Offensively the Heels were prepared to run the ball either through basic run sets and attacks or from the pass. Curry said they called more than the 18 passes that were thrown but as the receivers and backs have learned more about blocking down field and the line has become conditioned to sustain their blocks, there is a run option on most passing plays. This worked to perfection on Saturday.

Confidence – The coaching staff clearly has a great deal of confidence in the players. The call late in the first half on 4th down to throw the ball toward the end zone took guts and was smart. It almost worked but was an example of how the staff now has the confidence in Curry that may have been different six weeks ago.

Character – This club obviously has tremendous character to have come back from an ugly 0-3 start to be 5-3 overall and 4-1 in the tough ACC. They have battled all year and overcome weaknesses to the point where there were no areas of weakness on Saturday.

Position – The Tar Heels are in second place in the ACC and trail Maryland by one full game. However, the Heels are in great shape to win the conference title. Maryland must travel to Florida State this week and also later host Clemson and then go to N.C. State. After the Heels visit Georgia Tech on Nov. 1 they host Wake Forest and Duke in conference play. It appears that the Heels are in excellent position to win the title and go to the Orange Bowl. Truly amazing!

Fans – The 4,000 or so UNC fans at the game were excellent. They made a great deal of noise and were constantly encouraging the team. They stayed well after the game to celebrate with the players near the locker room. It was great to see the fans so excited.

Environment – Make no mistake, Clemson is a football town. They know how to put on a good show. The tailgating is everywhere and the smell is wonderful. They wear orange and wear it well. Perhaps there were too many pairs of orange overalls, but the fans displayed their passion for football and the Tigers. The stadium was also full when Clemson took the field, running down the hill after touching Howard's Rock, which is one of the great scenes in American sports. If only UNC had more of this.


Chapman's injury – Defensive tackle Will Chapman will miss the rest of the season with torn ligaments in his left knee. It will be two to three weeks before he even has surgery and should be ready to go next fall. However, this is a huge blow to a UNC front line that had become one of the nation's best. Senior DT Anthony Perkins, who is fresh off recovering from an injury, and sophomore Donti Coats will take his place. This will be just one more thing for the Heels to overcome.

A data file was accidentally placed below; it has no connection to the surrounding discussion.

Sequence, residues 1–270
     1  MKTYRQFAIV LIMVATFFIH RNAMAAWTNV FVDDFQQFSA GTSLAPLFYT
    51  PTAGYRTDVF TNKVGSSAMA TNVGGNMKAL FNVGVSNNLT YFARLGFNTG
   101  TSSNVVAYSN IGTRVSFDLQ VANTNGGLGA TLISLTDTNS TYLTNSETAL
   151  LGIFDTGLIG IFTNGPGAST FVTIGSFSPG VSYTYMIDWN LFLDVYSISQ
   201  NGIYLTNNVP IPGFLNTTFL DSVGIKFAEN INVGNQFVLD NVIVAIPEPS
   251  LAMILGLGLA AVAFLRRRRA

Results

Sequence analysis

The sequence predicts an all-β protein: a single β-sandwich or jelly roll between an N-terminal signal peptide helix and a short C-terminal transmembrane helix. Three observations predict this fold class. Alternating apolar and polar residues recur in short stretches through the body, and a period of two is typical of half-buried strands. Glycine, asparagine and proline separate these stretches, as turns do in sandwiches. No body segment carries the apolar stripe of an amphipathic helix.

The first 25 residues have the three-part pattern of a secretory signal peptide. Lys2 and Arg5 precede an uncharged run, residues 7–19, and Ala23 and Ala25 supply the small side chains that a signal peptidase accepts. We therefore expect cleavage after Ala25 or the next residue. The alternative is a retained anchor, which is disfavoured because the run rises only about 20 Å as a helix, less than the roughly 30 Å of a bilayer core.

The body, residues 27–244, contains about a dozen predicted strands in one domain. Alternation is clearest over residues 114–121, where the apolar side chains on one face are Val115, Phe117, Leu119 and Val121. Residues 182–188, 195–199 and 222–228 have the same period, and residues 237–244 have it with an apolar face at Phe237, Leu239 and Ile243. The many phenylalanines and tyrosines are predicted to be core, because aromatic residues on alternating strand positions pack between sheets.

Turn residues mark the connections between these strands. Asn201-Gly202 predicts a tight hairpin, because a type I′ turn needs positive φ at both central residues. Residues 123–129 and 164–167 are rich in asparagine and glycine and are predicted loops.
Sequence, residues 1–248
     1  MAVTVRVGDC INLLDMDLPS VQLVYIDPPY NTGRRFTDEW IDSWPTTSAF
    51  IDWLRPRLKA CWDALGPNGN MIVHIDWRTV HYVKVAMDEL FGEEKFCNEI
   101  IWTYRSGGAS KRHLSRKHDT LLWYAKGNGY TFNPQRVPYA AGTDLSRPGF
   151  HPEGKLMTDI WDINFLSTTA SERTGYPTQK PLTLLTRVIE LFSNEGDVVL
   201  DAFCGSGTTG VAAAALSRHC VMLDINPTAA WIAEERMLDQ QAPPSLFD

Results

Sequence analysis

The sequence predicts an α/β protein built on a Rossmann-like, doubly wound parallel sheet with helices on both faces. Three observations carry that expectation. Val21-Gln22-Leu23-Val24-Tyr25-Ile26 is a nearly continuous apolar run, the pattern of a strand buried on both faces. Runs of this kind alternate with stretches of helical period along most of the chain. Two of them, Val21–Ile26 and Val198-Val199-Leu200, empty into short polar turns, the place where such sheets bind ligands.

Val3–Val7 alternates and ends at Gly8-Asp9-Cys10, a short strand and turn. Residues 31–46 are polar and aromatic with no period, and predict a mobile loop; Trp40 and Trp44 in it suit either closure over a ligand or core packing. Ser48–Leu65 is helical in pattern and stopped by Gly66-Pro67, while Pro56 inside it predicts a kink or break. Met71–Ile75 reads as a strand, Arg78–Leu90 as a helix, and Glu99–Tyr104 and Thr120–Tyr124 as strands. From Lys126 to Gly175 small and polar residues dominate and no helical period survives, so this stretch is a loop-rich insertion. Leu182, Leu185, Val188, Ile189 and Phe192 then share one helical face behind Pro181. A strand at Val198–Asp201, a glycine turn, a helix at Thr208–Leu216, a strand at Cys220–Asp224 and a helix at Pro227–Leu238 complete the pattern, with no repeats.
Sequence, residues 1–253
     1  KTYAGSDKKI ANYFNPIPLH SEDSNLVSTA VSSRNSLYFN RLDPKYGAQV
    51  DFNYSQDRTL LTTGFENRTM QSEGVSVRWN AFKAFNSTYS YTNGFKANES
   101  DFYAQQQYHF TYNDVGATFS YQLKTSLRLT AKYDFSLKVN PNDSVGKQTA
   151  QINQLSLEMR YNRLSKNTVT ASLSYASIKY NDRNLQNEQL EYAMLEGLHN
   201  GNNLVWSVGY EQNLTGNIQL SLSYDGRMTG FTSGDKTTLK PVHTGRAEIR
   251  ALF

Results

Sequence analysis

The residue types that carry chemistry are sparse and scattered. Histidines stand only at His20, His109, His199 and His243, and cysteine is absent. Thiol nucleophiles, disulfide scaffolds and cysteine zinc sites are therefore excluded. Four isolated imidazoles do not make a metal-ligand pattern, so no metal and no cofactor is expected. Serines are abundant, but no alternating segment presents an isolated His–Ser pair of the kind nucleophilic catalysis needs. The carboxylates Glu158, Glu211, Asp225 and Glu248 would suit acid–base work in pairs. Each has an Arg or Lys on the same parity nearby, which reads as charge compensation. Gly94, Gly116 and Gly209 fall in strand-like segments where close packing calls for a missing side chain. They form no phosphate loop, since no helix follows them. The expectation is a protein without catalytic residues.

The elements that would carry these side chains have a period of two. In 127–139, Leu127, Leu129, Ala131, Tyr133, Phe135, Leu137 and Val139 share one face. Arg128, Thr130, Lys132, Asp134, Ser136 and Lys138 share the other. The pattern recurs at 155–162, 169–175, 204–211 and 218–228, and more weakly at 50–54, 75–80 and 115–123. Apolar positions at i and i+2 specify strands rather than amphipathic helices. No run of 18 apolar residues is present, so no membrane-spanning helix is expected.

Penalties – Carolina was flagged eight times for 86 yards for the game but in the first quarter had two 15-yard penalties on Clemson's only scoring drive and had three for the half. One was on a late hit and the other was illegal participation.

Lack of respect – This isn't necessarily a bad thing considering this team has thrived on being an underdog and not being respected. But at this point, considering the schedule the Heels have played (second toughest nationally) and having won five in a row one would expect them to be ranked in the coaches poll as they are in the Associated Press poll (No. 23). ESPN ignorantly posted UNC's stats for the first three games compared to the last five and didn't clarify the scoring allowed number. UNC's defense wasn't blitzed early like ESPN and too many voters nationally assume, the offense and special teams allowed 41 points (five TD's and three safeties) directly and had a hand in 27 other points allowed. That's 68 points in eight games (all in the first three though), which is 8.3 per game. Meaning UNC's defense is mostly responsible for just 13.5 points per game.

Plus, Peppers deserves some talk regarding the Heisman Trophy. None of the offensive players in the running have consistently done enough to separate themselves so why not Peppers. He is as lethal as Hugh Green was in 1981 when he was a candidate as a defensive end at Pittsburgh and his three interceptions are more than some of the nation's premiere DB's have. Perhaps this is the year to turn what the award stands for completely around.


The Tar Heels will be off until Thursday Nov. 1 when they visit Georgia Tech at 8 p.m. on ESPN. If Carolina wins that game they might well win the ACC title and go to the Orange Bowl.

Andrew Jones is in his sixth year covering football and basketball for Inside Carolina. He also in his fourth year as a copy editor and staff writer for the Wilmington Star-News and hosts a nightly radio show on WAAV-AM980 in Wilmington. He has also written for ACCNews and once published The College Game and the former Total Sports. He can be reached via e-mail at: AJWAAV@aol.com.